A reflection on the enduring human ability to process change.
How do we resolve the loss of a future we thought would always be there? What do we do when the threads that tied us to our history and our future are broken?
Throughout our lives relationships change, with people and places, making us reassess who we are and where we’ve come from. This can often be accompanied by feelings of loss and grief, for the future that will no longer be, and for a past that is rewritten. This work engages with connections: between people, places, things; between memory and time; of transitions, goodbyes and new beginnings. The images pre-mourn something that is about to be lost: an old family home and a marriage. The family house has served as a conduit for my life: passing through it as a daughter, a young woman, a wife; as a touchstone for everything. Oikos is a Greek word that refers to the family, the family’s property, and the home. As concepts they are distinct but also perpetually combined, with the meaning shifting even within a single text, making it impossible to separate them.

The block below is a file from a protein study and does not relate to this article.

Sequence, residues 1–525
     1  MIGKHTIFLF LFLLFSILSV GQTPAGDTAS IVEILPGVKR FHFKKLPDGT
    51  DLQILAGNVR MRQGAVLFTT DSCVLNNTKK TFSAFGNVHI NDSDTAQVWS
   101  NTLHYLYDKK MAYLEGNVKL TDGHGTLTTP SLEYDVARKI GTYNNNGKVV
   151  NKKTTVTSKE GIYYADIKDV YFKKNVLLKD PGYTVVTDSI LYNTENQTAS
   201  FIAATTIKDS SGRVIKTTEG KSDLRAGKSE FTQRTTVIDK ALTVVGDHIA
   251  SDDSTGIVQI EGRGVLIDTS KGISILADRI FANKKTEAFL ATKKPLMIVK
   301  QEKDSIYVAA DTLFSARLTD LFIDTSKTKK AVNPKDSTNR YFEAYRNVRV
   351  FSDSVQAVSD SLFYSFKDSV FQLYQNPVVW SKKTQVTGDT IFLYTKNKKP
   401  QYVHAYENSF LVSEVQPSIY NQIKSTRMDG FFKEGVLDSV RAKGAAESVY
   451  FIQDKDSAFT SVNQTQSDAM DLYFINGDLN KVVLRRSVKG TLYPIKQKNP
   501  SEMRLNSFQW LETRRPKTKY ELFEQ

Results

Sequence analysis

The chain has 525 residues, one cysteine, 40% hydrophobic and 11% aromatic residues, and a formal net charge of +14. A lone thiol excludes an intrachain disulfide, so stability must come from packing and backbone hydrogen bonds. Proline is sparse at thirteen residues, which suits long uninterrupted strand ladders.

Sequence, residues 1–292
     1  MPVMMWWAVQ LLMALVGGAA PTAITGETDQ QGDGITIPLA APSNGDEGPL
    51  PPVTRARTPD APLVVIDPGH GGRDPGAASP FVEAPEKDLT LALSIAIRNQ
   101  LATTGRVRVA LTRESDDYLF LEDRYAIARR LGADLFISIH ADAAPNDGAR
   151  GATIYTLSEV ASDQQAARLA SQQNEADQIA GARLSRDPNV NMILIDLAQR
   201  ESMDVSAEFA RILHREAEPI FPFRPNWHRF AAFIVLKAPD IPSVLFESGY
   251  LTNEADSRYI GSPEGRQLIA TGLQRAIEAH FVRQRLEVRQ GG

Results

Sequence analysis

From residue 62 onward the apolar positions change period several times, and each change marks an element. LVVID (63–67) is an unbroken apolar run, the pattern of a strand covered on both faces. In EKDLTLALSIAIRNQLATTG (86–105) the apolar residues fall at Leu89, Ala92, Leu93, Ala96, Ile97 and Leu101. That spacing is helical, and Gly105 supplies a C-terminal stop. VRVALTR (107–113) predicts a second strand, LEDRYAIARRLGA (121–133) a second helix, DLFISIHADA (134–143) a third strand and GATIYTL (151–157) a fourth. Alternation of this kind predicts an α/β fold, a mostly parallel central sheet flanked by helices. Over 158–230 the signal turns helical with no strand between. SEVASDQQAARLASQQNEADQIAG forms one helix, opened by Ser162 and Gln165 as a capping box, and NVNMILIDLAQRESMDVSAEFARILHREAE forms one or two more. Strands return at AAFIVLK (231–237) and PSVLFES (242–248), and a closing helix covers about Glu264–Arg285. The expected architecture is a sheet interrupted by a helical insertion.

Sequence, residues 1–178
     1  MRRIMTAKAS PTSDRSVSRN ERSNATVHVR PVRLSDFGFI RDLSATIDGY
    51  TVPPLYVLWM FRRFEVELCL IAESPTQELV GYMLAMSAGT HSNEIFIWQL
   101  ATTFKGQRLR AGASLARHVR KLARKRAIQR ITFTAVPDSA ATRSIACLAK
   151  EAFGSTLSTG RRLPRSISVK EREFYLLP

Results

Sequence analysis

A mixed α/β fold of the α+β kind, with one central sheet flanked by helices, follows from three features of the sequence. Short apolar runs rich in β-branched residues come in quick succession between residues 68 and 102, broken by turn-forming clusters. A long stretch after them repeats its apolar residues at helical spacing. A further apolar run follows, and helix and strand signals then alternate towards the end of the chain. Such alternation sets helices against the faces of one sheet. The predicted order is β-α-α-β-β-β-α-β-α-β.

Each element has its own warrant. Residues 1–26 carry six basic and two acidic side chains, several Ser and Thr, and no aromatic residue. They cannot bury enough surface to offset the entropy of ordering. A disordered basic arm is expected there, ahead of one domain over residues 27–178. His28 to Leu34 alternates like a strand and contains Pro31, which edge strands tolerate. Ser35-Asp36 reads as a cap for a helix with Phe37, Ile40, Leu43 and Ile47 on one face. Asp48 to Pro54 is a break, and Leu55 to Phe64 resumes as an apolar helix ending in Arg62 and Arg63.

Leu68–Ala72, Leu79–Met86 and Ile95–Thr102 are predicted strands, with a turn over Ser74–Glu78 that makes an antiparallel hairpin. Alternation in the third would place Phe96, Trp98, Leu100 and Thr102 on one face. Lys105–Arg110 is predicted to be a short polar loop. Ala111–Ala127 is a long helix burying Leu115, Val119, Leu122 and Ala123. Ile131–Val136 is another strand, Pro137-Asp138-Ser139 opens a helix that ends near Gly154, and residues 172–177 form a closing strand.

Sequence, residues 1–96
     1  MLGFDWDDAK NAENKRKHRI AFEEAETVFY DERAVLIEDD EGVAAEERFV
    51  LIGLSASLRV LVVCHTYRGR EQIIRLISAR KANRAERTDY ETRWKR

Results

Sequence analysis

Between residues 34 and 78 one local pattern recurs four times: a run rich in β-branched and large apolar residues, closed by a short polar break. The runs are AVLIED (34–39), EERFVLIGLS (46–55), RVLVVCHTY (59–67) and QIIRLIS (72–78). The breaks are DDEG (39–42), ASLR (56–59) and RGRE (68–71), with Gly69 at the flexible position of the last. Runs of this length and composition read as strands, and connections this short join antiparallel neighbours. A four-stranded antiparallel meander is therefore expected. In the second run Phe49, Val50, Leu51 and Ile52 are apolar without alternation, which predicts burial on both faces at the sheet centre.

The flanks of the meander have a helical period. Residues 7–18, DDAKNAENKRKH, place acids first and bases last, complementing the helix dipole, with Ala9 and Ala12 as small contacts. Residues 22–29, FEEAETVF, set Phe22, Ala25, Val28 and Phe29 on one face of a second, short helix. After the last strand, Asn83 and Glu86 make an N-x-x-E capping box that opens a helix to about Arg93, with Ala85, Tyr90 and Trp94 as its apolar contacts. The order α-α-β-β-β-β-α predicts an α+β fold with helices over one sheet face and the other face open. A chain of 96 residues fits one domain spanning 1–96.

In clearing out my father’s house, my family home, I was given opportunity to consider the boundaries and ties to places and things and their tie to both personal and family identity. An action that would normally be undertaken after death has allowed a consideration of mortality without the grief, whilst also connecting this loss with the end of my marriage, which began in this house.
Quietly, things fade out of existence, until they only remain in our memories.